In the Sky and in Space: MAKS-2021 Deals and Exhibits

August 1
Economy and entrepreneurship

The XV International Aviation and Space Salon (MAKS-2021), which was held on 20-25 July at Zhukovsky in the Moscow suburbs, came to an end. 829 companies from 56 countries participated in MAKS-2021. More than 20 organizations are Moscow enterprises representing the aviation, rocket and space industries. Moscow is the core of the Russian aviation industry, notably 42 industry enterprises operate here: engineering centres, experimental design bureaus, and research institutes. So every year Moscow industrialists present their innovations at MAKS.

“Just in 2020, the aviation industry enterprises output products worth more than 140 billion rubles. Eight companies enjoy the status of an industrial complex, which allows them to spare funds due to the preferences provided by the city government and allocate them for upgrading. Owing to the city government support, at least three aviation enterprises plan to invest over one billion rubles in their development by the end of this year,” said Vladimir Efimov, Deputy Moscow Mayor for Economic Policy and Property and Land Relations.

Digital Design and Lightweight Composites

The Sukhoi Design Bureau in Moscow is the largest Russian aviation holding, which is now more than 80 years old.

During the air show, the Company unveiled the latest Light Tactical Aircraft (LTS), known as Checkmate, a fifth-generation single-engine fighter, which was also designed by Moscow industrialists. It is equipped with innovative solutions and technologies, for example, artificial intelligence can be used in piloting. The fighter has low visibility and high flight performances: for example, as estimated by the developers, at high altitudes the aircraft will be able to fly twice as fast as the speed of sound. It is expected that mass-produced supplies of LTS can be launched as early as 2026-27.

Rossiya Airlines has signed a contract for the supply of fifteen Sukhoi Superjet 100 (SSJ 100) aircraft developed by the Regional Aircraft Design Bureau in Moscow, Branch of the Irkut Corporation. The SSJ 100 is the first domestic airliner that has been fully developed based on digital technologies.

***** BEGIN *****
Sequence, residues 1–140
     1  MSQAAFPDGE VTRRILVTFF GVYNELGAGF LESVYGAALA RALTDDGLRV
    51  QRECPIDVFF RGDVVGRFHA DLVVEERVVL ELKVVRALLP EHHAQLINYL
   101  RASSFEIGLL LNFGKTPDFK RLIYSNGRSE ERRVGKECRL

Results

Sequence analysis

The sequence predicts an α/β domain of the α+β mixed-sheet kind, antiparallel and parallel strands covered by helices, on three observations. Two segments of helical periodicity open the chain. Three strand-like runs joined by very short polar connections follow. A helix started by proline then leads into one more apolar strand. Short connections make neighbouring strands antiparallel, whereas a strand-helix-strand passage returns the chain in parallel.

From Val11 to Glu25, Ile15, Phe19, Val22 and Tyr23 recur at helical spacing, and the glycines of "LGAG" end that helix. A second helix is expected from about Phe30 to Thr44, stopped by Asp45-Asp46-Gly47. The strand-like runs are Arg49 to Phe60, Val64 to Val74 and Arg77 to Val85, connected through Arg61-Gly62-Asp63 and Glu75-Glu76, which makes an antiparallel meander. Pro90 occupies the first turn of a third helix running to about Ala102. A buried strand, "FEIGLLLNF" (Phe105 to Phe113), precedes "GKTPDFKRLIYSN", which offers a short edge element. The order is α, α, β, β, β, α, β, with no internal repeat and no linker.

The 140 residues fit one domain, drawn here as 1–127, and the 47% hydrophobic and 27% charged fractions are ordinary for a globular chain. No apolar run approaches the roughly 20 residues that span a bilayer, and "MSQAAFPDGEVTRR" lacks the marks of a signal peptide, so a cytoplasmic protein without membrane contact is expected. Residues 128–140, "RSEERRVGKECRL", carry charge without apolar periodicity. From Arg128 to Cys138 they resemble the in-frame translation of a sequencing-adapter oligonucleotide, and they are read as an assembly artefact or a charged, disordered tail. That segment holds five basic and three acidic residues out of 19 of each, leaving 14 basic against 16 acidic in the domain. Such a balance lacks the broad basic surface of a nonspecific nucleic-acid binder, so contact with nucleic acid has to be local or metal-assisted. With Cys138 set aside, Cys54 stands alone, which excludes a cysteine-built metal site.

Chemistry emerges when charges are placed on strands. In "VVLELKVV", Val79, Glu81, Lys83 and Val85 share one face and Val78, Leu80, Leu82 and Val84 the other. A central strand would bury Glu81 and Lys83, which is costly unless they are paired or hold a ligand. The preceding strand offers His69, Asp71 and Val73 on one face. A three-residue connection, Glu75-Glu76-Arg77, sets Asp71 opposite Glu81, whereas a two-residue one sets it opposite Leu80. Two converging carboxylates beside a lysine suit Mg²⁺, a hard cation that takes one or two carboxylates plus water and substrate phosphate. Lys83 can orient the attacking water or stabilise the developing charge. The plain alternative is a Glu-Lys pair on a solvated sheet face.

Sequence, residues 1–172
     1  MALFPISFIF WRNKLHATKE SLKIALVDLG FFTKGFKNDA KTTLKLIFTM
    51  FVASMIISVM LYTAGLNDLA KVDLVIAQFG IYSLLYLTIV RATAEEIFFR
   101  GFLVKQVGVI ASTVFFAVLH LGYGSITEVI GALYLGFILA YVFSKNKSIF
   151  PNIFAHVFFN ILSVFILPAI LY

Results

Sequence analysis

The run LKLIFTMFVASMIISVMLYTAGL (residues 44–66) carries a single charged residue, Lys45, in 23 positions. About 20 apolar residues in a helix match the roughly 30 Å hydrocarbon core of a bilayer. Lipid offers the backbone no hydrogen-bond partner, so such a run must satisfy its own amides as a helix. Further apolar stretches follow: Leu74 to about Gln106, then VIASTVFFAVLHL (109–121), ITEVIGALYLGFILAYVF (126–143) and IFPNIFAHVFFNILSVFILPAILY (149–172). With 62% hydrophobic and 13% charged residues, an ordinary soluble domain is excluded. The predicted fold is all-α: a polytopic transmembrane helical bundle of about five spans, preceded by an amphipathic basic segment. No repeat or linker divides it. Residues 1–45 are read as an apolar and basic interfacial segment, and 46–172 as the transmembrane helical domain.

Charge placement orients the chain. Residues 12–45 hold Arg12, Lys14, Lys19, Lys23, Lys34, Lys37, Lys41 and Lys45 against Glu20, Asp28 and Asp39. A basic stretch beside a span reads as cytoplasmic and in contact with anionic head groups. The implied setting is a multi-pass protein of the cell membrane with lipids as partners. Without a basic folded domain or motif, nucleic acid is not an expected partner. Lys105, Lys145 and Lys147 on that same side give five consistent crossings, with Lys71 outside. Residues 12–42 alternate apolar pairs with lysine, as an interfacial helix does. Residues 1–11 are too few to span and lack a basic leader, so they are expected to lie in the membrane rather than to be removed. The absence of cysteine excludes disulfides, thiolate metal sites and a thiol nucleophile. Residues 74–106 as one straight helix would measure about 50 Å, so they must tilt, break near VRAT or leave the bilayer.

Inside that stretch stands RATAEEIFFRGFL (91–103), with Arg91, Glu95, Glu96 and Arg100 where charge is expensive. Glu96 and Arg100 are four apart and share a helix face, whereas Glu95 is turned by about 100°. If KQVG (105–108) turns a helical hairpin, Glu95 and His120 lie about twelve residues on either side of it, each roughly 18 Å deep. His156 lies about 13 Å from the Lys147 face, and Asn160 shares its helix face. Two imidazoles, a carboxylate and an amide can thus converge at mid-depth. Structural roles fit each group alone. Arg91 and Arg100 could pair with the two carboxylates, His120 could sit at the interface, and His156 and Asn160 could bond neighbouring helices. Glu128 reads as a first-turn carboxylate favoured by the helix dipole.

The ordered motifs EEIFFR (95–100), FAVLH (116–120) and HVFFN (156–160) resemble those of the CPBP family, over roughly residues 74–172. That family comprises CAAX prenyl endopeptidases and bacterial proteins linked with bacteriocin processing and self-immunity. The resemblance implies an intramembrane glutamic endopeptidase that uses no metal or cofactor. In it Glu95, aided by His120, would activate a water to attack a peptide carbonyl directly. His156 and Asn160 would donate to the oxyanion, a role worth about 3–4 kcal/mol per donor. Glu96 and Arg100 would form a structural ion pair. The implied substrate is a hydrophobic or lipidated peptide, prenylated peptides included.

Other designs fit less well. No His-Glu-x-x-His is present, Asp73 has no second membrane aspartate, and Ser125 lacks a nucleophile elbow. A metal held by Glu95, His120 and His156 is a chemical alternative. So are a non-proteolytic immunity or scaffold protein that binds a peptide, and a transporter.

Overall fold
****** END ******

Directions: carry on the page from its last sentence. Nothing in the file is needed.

Also, Irkut Corporation and Rossiya Airlines signed a Memorandum of Understanding on the commissioning of the MS-21 medium-range aircraft. Under the approved plan, it is required to train flight personnel and cabin crew members, arrange maintenance of new inventory, refine data systems, obtain permits, and develop a model for performing maintenance at airports of a prospective destination network.

The airliner was developed by specialists of the Moscow Engineering Centre named after A.S. Yakovlev. It features wings made of composite materials. Narrower, longer, and lighter, these show sufficient strength capacity.  

Another more noticeable advantage is space. The MS-21 fuselage was increased. It enabled expanding the personal space of passengers, and now, for example, it is possible to pass by the service trolley in the aisle.

Printed Engine and Flying Baikal

One of the formal unveiling at MAKS-2021 was the LMS-901 Baikal light multi-purpose aircraft. As assigned by the Ministry of Industry and Trade of Russia, the aircraft was developed by the Baikal Engineering Company together with the experimental aircraft design bureau of the Moscow Aviation Institute. The innovation is to be flight-tested before the end of 2021.

It is assumed that Baikal will be able to replace the AN-2 biplane and improve the transport accessibility of remote areas in the regions. The light aircraft is equipped with skis, wheel-skis, and floats. Therefore, it can be operated in the most remote locations, including the Arctic.

Press service of the Investment and Industrial Policy Department of Moscow City